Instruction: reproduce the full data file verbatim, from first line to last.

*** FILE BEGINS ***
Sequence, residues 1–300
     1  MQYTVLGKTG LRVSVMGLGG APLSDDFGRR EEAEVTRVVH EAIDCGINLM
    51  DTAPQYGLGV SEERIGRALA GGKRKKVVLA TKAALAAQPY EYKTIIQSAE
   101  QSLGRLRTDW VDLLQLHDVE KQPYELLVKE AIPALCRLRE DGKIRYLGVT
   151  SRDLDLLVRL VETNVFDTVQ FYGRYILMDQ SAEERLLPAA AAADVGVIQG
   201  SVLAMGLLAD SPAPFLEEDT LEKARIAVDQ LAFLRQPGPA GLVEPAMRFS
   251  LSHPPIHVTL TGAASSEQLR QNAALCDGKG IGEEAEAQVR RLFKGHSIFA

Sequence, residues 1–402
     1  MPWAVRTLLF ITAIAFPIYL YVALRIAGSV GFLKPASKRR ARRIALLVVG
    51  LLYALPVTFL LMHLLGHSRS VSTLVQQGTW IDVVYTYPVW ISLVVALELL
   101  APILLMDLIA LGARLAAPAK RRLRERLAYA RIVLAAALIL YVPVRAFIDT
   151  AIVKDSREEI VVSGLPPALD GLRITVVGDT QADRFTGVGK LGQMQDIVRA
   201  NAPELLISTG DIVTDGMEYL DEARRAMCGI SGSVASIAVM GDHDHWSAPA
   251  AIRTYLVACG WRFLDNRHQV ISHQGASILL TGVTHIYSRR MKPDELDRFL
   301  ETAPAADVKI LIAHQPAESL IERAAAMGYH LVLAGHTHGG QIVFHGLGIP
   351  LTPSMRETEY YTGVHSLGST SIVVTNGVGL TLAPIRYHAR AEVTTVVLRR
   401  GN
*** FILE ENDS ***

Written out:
Sequence, residues 1–300
     1  MQYTVLGKTG LRVSVMGLGG APLSDDFGRR EEAEVTRVVH EAIDCGINLM
    51  DTAPQYGLGV SEERIGRALA GGKRKKVVLA TKAALAAQPY EYKTIIQSAE
   101  QSLGRLRTDW VDLLQLHDVE KQPYELLVKE AIPALCRLRE DGKIRYLGVT
   151  SRDLDLLVRL VETNVFDTVQ FYGRYILMDQ SAEERLLPAA AAADVGVIQG
   201  SVLAMGLLAD SPAPFLEEDT LEKARIAVDQ LAFLRQPGPA GLVEPAMRFS
   251  LSHPPIHVTL TGAASSEQLR QNAALCDGKG IGEEAEAQVR RLFKGHSIFA

Sequence, residues 1–402
     1  MPWAVRTLLF ITAIAFPIYL YVALRIAGSV GFLKPASKRR ARRIALLVVG
    51  LLYALPVTFL LMHLLGHSRS VSTLVQQGTW IDVVYTYPVW ISLVVALELL
   101  APILLMDLIA LGARLAAPAK RRLRERLAYA RIVLAAALIL YVPVRAFIDT
   151  AIVKDSREEI VVSGLPPALD GLRITVVGDT QADRFTGVGK LGQMQDIVRA
   201  NAPELLISTG DIVTDGMEYL DEARRAMCGI SGSVASIAVM GDHDHWSAPA
   251  AIRTYLVACG WRFLDNRHQV ISHQGASILL TGVTHIYSRR MKPDELDRFL
   301  ETAPAADVKI LIAHQPAESL IERAAAMGYH LVLAGHTHGG QIVFHGLGIP
   351  LTPSMRETEY YTGVHSLGST SIVVTNGVGL TLAPIRYHAR AEVTTVVLRR
   401  GN